Arthur Fiedler Footbridge, I believe it was completed in 1953.  It leads across to the Esplanade and Hatch Shell.  I noticed this bridge while walking toward the Prudential Building.  I was always a Boston Pops and Arthur Fiedler fan and never missed their Fourth of July concerts at the Hatch Shell.  At first I was just going to take picture and continue, but I decided to cross it and check out the Esplanade and Hatch, since it is a historic place I have seen on TV so many times. 

Arthur Fiedler,  Plaque; on ramped entrance area wall commemorating the bridge 

On the Footbridge looking down what I believe is the traffic on Storrow Drive

Aerial view of "Arthur Fiedler Footbridge, Esplanade and Hatch Shell", courtesy of Google Maps

Another view while crossing the Footbridge.  Note the design of the bridge's ramped exit to the Esplanade.

 Hatch Shell where the Boston Pops perform every 4th of July.  These concerts have become a long tradition for Boston and are telecasted yearly by Boston's Public Television Station, WGBH.   Fiedler brought free concerts here to Hatch Shell that would suit the musical tastes of a wider audience.  His programs included lighter classical pieces along with popular music.  In 1971, the Boston Pops released an album of all Beatles tunes.

Another view of the bridge taken from Esplanade side of the bridge.

Hatch Shell where 200,000 to 500,000 people enjoy the music of the Boston Pops every 4th of July.

A view from the Esplanade of the Prudential Building where I'm headed.

Charles River view from Charles River Park

Charles River, at Charles River Park.  This river was named by Captain John Smith in 1640 for "Charles", the reigning monarch, King of England, Scotland and Ireland.  King Charles got a little power hungry and had a rift with his parliament that led to his execution in 1649. This river is fed by about 80 brooks and streams, and several major aquifers as it flows snakelike for 80 miles.  

The Arthur Fiedler Statue in Charles River Park.  In 1930 Arthur Fiedler became the conductor of the Boston Pops for almost 50 years until his death in 1979.  Then John Williams, from Stars War & Indiana Jones movie theme fame, took over as its conductor until 1995.  Then he passed the conductor's baton to Keith Lockhart, the current conductor.  Boston's Symphony Hall is the home for the Boston Pops and where the WGBH's "Evening at Pops" concert series broadcasts were originated from.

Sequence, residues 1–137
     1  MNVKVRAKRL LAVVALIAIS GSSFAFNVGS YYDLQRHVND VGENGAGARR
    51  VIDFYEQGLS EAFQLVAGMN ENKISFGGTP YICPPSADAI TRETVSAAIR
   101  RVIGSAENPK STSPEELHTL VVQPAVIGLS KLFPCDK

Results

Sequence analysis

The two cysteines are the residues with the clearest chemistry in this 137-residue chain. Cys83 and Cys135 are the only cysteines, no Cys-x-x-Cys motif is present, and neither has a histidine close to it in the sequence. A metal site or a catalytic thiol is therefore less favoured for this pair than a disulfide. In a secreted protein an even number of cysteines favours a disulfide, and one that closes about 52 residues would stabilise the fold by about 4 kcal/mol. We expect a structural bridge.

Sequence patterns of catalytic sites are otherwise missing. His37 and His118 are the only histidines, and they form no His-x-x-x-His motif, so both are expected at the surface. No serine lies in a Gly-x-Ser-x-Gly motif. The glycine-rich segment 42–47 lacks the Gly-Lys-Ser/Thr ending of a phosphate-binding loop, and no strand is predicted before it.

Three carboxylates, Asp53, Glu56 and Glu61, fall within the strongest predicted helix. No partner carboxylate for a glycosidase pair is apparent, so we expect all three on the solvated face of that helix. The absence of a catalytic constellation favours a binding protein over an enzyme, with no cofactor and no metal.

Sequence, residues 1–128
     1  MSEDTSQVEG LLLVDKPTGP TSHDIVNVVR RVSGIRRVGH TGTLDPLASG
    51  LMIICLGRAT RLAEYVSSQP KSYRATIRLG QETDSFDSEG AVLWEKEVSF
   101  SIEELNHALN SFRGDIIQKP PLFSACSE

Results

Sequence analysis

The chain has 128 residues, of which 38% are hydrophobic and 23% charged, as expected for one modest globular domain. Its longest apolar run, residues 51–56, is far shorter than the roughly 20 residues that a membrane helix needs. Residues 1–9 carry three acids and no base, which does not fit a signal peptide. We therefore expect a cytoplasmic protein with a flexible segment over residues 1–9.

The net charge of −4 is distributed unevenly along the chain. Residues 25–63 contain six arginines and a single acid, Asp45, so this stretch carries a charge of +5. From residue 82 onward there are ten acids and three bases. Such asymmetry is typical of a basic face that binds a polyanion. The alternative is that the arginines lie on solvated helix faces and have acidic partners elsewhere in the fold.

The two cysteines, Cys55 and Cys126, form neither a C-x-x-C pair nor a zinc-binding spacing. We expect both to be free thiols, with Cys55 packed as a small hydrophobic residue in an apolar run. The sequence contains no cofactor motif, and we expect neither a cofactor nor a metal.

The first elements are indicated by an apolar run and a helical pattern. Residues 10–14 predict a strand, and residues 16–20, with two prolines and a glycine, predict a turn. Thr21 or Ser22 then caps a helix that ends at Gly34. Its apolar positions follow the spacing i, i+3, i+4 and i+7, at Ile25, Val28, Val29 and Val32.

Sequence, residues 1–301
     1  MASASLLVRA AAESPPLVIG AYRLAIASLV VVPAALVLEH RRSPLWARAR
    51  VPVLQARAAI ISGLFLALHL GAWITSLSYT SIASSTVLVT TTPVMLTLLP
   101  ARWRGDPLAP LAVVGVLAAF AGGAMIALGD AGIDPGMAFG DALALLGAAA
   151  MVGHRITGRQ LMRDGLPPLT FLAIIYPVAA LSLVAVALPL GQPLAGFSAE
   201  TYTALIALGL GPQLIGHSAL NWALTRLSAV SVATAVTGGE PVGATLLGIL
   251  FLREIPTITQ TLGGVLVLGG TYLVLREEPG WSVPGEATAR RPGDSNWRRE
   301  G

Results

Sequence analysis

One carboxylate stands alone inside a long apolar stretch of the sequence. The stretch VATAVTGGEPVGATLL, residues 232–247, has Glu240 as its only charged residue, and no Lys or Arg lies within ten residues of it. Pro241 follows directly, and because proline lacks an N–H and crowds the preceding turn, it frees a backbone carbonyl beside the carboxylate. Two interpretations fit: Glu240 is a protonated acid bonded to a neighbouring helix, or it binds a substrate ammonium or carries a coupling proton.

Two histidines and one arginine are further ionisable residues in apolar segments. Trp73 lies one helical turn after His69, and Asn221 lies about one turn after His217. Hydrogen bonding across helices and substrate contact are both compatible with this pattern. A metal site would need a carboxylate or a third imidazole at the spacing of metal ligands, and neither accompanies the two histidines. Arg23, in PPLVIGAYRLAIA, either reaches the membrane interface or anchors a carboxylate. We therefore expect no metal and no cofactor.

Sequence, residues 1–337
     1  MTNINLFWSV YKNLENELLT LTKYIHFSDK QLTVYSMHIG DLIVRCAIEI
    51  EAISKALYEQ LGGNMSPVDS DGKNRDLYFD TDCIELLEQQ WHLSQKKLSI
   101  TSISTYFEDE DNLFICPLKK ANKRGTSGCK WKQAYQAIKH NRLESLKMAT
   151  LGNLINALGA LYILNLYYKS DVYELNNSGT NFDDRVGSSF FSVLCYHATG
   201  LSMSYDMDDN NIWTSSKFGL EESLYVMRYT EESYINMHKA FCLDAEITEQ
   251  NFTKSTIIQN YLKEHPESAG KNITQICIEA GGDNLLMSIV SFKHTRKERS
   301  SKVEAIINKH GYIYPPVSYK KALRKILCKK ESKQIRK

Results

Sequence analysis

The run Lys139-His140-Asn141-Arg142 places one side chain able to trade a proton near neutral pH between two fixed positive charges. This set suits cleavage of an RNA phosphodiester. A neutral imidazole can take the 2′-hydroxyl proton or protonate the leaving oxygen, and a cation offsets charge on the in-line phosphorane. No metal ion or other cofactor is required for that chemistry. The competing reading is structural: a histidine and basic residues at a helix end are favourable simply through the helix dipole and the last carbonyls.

John Hancock Building

Old South Church and John Hancock Building

Getting closer to Boylston Street and the Prudential Building

Getting closer to Boylston Street and the Prudential Building

John Hancock Building, Boston's tallest skyscraper, at 200 Clarendon Street.  It has 60 stories and is 790 feet high.  This building had many design flaws to overcome, with the panes of glass falling out and people getting getting sick from the sway of the upper floors on windy days.  This building was nicknamed the "Plywood Palace", from plywood temporary window replacements.

Getting closer yet to Boylston Street and the Prudential Building

The Old South Church, 645 Boylston Street on Copley Square.  It was built between 1872-1875 on the newly created land from Boston's Back Bay land fill project.  It is a Venetian Gothic style structure, designed by the Boston architectural firm of Cummings and Sears.  The congregation consisted from the United Church of Christ.  This place is said to be Boston's third church. The church's congregation first met in their Cedar Meeting House in 1670 and then Old South Meeting House. The church was organized by dissenters from Boston's First Church in 1669.  The congregation included many of the country's founding fathers.

111 Huntington Avenue

The address is it's name.  One of Boston's newer impressive Skyscrapers, adjacent to Prudential Tower.

I arrived at last.  I'm looking forward to the birds eye view of Boston from the Skywalk Observatory.

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